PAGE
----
Thursday, March 28, 2013

Switching it up

Switching it up with Ben See

As we approach the spring steelhead run in the Alley, it comes as no surprise that with each rain we receive, the more fish that are coming into the stream system. While I would normally be searching for chrome with the centerpin and spawn sacs, I am happy to say I am keeping up with the switch rod and fly venture. While I knew in the beginning that trying my hand at spey casting and fly fishing would be a challenge, little did I know how much of a challenge it really would be. I have to admit, I have snuck out the pin and put the smack down just to get some of my mojo back. I am sure I am not the first and certainly won't be the last person to enter into the spey world and be completely confused on this technique, gear, and method of targeting fish. But, as I have said in the past I don't quit, I won't quit.

When swinging a streamer you get plenty of time to observe your surroundings and also do plenty of thinking. For me the next thing I think of with the pin is the next fish. The next thing I think of with the switch rod has nothing really to do with fish. While I am trying to figure out how a fish with a pea sized brain can out think an angler and at the end of the day put them in checkmate, I find myself daydreaming. This in itself is probably one of my issues with the my spey success.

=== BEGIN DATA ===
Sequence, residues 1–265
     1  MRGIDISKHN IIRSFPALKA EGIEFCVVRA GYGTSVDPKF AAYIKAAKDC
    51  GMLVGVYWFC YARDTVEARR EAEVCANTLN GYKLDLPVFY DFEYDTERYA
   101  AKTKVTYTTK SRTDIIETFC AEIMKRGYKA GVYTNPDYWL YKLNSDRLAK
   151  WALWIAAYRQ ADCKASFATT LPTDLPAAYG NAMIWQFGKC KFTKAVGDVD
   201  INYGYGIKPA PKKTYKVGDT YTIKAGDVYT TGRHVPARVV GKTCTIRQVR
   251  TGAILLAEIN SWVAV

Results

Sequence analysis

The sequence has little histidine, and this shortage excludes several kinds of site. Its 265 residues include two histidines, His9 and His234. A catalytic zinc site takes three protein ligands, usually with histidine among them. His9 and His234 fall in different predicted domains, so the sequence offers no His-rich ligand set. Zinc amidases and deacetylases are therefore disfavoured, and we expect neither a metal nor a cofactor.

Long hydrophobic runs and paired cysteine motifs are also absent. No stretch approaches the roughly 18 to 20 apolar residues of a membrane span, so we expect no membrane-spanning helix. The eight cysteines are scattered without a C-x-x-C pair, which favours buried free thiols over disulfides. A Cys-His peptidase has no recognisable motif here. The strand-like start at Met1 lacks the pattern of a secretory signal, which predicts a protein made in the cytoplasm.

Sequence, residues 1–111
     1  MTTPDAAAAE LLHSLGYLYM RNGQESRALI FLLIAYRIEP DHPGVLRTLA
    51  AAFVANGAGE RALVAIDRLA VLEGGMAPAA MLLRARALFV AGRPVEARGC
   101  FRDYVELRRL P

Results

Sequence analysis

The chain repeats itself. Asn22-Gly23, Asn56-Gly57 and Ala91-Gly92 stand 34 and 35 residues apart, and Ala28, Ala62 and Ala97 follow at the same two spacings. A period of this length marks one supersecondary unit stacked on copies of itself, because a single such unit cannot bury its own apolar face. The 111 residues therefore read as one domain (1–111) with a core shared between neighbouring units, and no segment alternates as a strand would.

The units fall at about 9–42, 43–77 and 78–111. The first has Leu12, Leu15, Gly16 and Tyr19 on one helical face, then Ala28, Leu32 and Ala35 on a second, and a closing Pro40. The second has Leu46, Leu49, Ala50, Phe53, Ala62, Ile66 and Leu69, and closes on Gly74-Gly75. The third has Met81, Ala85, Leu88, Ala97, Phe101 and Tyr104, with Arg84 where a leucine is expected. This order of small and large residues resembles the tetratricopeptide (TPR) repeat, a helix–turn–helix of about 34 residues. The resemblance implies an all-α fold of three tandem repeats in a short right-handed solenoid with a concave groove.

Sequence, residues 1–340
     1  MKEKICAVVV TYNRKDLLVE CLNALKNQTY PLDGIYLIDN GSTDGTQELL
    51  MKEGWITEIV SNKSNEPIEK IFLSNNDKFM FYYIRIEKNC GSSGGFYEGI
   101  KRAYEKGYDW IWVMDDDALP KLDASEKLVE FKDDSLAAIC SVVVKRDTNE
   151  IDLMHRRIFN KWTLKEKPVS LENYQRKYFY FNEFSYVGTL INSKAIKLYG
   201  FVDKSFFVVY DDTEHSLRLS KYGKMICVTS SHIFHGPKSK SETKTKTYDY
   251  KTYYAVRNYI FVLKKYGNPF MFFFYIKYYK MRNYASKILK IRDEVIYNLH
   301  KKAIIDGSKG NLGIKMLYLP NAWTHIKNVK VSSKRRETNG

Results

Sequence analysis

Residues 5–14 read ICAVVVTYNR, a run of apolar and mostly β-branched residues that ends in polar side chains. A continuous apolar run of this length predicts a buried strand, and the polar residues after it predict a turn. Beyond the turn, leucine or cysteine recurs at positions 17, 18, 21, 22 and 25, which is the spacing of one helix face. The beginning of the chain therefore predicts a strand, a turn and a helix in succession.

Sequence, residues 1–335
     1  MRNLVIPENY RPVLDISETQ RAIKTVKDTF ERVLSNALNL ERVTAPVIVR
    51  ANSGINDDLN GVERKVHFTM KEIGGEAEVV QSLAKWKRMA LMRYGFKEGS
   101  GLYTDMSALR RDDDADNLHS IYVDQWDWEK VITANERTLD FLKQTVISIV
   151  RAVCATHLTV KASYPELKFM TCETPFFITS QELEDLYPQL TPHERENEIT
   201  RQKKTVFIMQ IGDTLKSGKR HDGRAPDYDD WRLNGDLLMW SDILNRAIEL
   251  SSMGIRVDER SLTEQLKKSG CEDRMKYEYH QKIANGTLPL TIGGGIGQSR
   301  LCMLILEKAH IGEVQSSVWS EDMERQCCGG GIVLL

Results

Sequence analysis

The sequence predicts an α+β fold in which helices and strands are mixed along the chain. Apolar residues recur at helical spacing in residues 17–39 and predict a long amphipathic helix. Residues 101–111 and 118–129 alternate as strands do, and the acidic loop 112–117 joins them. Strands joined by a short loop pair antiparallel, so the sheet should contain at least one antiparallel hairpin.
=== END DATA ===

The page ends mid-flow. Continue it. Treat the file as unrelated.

How is it that an angler that knows how to read water, knows fish migration patterns, watches USGS flow gauges like a hawk, can pickup a pin and smash fish daily, knows basically every stocked stream in Steelhead Alley, can zig when he needs to zig and zag when he needs to zag? But, pickup the switch and meet the skunk more often then not? This got me thinking stream side, and to my surprise I found myself off on a tangent again in my own mind.

I am a perfect example of why telling anglers where to fish has little to no advantage. If I have said it once, I have said it a thousand times. Teach an angler how to use a specific technique and they will figure out the where to fish. Telling an angler where to fish when they don't have a good grasp on the their chosen technique doesn't do anything good for the angler or the angling community. As social media has become quite popular over the past few years, these sort of tools are a blessing and a curse to our fishing community. A blessing on one hand as to allow anglers to meet those likeminded to learn from each other. A curse on the other hand as it provides a stage for those ignorant of the true challenges of our fishery. While they spew nonsense, only to be confronted by those anglers who can be seen fishing in sub zero temps in the winter and scorching days in the summer for species other than steelhead. The ignorant then become defensive when those that actually know what is going on with our fishery confront them. They should actually speak less and listen more to the true challenges that are faced in Steelhead Alley. Maybe then, which I doubt, but just maybe they would realize they are contributing to the problem and not the solution.

Team SAA will be back out there on the streams this weekend looking to find the chrome. Hopefully water temps will rise a bit more and that will trigger some good action in the coming week.

Until Next Time...
Fish Hard...Fish Often...

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